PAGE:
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Weekend Box Office: 'Madagascar 3' and 'Prometheus' Hold Off Weak Newcomers; Sandler Flops in Fifth UPDATED

Thompson on Hollywood By Brian Fuson | Thompson on Hollywood June 17, 2012 at 12:04PM

For the second consecutive weekend, Paramount/DreamWorks’ “Madagascar 3: Europe’s Most Wanted” and 20th Century Fox’s “Prometheus” held the top two spots, and in that order, with the former taking in an estimated $35.5 million and the latter grossing around $20.2 million.

“Rock” is set in the Bourbon Room, a fictional club on the 1987 Sunset Strip similar to the “Whiskey a Go-Go.”  The story follows a young country girl who moves to Los Angeles to fulfill her dreams of becoming a star. Along the way she meets a diverse cast of characters, each on a different rung on the ladder to fame.

The opening for “Rock” was lower than two other recent musicals - “Hairspray” opened with $27.4 million in 2007 and “Mamma Mia!” debuted with $27.8 million in 2008. With a 42% score on, “Rock” did somewhat better than “Boy” in the review department, but audiences granted the film a tepid “B” CinemaScore. Despite the film's Herculean efforts to appeal to men, the audience nonetheless skewed female with 62%, and 74% were older than 25.  Prospects for legs do not look encouraging for “Rock of Ages.”

Sandler's R-rated “That’s My Boy” locked out the family and younger audiences who have boosted his recent opening weekends.

Sandler’s last film was the PG-rated “Jack and Jill” which was blasted by critics but still opened to a more than respectable $25 million, and before that “Just Go With It” - rated PG-13 – debuted with an even better $30.5 million. “That’s My Boy” is ranked outside of Sandler’s top 15 grossing films, behind the $16.1 million of November 2000’s “Little Nicky.”  Of the debuts of 14 Sandler-starring films that opened in more than 3,000 theaters, “Boy” ranks at the bottom of the list in 14th place.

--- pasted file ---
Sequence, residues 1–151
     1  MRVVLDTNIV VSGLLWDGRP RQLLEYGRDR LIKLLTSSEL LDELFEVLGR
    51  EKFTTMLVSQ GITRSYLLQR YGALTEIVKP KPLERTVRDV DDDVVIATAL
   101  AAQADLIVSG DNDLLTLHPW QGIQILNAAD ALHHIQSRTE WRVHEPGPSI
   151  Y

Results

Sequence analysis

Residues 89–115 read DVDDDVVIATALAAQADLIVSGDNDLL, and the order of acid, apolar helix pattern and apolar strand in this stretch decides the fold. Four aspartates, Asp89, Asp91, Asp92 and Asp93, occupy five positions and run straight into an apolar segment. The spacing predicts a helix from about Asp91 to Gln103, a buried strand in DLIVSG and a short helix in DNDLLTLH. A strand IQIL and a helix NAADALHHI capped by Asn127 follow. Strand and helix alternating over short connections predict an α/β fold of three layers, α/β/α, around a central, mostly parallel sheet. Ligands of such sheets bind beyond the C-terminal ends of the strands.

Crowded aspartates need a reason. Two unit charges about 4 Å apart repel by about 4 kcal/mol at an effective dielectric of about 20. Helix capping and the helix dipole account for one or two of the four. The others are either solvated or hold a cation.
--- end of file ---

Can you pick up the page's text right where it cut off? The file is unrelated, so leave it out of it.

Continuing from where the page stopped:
SNL recent retiree Andy Samberg and Leighton Meester also star in “Boy,” which was directed by Sean Anders. The story is about a teen who fathers a child with his teacher and raises him as a single parent until his 18th birthday.  After not seeing each other for years, the son’s world comes crashing down when his Dad resurfaces just before his wedding, seeking to renew their relationship so that he can borrow money to avoid going to jail.

Reviewers gave the film a bleak 23% on the Tomatometer while moviegoers gave the picture a “B-“ according to CinemaScore.  The audience was slightly more male with 54% and younger, with 52% under the age of 25.  None of the indicators look to boost interest in the film in the weeks ahead, so it’s not likely to make back its roughly $70 million production budget any time soon.

Box office chart 6/17

This article is related to: Box Office, Box Office

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Born and raised in Manhattan, Anne Thompson grew up going to the Thalia and The New Yorker and wound up at grad Cinema Studies at NYU. She worked at United Artists and Film Comment before heading west as that magazine's west coast editor. She wrote for the LA Weekly, Sight and Sound, Empire, The New York Times and Entertainment Weekly before serving as West Coast Editor of Premiere. She wrote for The Washington Post, The London Observer, Wired, More, and Vanity Fair, and did staff stints at The Hollywood Reporter and Variety. She eventually took her blog Thompson on Hollywood to Indiewire. She taught film criticism at USC Critical Studies, and continues to host the fall semester of “Sneak Previews” for UCLA Extension.